There is an admission fee but well worth the small price for art connoisseurs, although those limited in time or without a passion for art may feel paying for museum entry is unnecessary with so much of it free on the streets.

Take a carriage ride around the cobbled streets of the town centre – taking a horse-drawn carriage ride around any city adds another dimension to your visit but in places like Florence, it just feels like the right way to get around town.

Play Italian “Where’s Wally?” – or “Where’s David?” to be more accurate. Florence is home to arguably the most famous statue in the world but what many people don’t know is that there are three full-sized statues of David spread across the city.
The original is housed in the Accademia and it is somehow more impressive than the clones that have been produced. A plaster copy stands in the original placement outside the Palazzo Vecchio and a bronze version watches over the city from the heights of Piazzale Michelangelo.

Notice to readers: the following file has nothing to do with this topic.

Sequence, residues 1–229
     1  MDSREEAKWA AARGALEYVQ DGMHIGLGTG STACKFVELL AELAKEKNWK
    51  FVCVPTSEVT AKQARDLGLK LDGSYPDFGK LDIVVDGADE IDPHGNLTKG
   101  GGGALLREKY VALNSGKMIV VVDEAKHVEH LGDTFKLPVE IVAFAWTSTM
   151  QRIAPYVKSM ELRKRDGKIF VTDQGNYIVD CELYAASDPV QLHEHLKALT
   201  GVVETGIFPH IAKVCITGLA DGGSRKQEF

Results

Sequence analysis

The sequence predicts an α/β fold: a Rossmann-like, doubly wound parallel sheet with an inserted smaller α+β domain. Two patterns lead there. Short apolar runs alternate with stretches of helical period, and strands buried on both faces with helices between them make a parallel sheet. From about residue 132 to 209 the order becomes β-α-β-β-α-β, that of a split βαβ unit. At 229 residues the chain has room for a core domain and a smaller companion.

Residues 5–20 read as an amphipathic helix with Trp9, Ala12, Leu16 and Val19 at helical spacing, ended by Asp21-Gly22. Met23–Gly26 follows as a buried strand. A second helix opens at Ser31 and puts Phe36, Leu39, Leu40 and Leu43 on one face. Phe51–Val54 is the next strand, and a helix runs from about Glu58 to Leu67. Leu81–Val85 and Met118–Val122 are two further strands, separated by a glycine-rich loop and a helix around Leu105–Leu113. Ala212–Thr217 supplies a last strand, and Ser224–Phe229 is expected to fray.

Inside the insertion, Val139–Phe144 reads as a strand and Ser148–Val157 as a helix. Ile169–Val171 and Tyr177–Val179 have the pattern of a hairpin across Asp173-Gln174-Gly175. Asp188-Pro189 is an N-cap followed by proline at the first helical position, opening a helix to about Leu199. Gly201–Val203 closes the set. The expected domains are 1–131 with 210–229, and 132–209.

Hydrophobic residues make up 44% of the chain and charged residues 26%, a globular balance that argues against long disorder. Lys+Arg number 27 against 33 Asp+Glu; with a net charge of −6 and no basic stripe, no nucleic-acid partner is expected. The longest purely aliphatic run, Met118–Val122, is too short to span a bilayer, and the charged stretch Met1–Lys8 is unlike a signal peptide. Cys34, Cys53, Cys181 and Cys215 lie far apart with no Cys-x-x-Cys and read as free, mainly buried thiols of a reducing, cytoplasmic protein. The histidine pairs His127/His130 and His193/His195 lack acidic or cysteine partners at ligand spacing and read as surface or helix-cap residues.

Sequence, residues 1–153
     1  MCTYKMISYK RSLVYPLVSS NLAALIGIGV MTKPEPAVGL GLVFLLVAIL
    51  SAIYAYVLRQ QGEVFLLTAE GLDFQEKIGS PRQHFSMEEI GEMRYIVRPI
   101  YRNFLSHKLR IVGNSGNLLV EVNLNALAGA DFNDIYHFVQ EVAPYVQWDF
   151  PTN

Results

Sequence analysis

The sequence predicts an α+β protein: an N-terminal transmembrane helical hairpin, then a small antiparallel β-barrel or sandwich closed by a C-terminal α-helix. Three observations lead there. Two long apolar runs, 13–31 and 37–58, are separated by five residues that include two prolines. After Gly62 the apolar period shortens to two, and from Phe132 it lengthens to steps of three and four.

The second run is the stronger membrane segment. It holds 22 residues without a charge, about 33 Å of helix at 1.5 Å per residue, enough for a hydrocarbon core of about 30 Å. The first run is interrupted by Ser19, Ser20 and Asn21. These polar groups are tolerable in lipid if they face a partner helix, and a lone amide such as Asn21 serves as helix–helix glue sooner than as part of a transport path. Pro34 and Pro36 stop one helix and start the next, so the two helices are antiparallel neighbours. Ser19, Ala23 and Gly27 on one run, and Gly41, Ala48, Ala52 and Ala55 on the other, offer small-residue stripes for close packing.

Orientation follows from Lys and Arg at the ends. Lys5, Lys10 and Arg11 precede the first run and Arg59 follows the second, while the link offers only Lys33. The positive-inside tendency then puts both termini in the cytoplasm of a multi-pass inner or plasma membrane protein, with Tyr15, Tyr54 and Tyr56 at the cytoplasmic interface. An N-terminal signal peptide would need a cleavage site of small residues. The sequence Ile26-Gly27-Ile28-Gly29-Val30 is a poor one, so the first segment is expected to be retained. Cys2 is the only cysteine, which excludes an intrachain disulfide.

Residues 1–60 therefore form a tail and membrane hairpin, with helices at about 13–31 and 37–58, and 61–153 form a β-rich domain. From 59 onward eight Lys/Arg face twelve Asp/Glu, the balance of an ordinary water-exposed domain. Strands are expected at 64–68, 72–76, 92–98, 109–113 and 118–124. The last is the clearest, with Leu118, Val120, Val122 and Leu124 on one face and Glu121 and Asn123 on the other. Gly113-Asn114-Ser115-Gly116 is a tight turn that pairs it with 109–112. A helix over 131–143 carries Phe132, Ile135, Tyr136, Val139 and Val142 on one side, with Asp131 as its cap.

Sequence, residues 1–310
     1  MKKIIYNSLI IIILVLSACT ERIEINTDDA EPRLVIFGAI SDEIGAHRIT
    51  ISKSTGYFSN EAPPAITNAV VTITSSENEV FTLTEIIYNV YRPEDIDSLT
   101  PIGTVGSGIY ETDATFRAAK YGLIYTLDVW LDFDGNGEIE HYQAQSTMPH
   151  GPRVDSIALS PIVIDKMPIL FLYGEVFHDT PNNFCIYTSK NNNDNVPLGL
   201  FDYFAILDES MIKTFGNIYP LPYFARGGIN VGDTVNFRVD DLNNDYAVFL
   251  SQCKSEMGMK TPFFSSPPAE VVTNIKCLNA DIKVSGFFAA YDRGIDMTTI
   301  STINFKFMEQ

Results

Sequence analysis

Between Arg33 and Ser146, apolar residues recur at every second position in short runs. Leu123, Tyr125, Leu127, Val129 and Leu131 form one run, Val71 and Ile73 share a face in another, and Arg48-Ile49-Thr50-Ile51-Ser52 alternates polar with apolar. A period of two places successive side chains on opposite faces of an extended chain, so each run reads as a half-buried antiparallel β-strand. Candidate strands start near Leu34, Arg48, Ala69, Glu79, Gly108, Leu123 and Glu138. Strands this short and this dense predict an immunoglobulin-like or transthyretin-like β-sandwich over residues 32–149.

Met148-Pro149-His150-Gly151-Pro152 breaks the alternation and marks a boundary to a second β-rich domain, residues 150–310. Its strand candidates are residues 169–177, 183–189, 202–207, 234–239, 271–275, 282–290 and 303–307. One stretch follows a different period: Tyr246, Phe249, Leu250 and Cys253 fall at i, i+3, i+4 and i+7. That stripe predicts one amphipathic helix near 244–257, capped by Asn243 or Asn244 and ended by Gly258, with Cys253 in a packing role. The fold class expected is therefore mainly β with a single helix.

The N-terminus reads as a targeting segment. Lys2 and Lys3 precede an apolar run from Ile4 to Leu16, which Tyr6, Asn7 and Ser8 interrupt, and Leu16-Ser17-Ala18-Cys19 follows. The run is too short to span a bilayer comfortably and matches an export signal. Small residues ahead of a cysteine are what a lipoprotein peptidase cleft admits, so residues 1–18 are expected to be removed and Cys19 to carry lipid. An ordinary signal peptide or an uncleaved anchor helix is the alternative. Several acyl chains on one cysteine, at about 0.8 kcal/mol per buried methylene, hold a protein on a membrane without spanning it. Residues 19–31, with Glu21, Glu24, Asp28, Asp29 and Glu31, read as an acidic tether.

Cross the Ponte Vecchio – a bridge has existed on this part of the river for over 1000 years but even more amazing is that this enclosed bridge has supported shops for over 700 of these years.
Originally including fishmongers and butchers creating a foul smell for all using the bridge, things changed in 1593 when Ferdinand I decreed that only goldsmiths and jewelers be allowed to operate businesses on the bridge.

Widely considered the cradle of the Renaissance Florence features more world class art on it's streets than most of the top museums of the world have on display.

Take in the views – put on your walking shoes and climb the hill to the Piazzale Michelangelo for the best views across the city and of the Duomo, river, and Ponte Vecchio.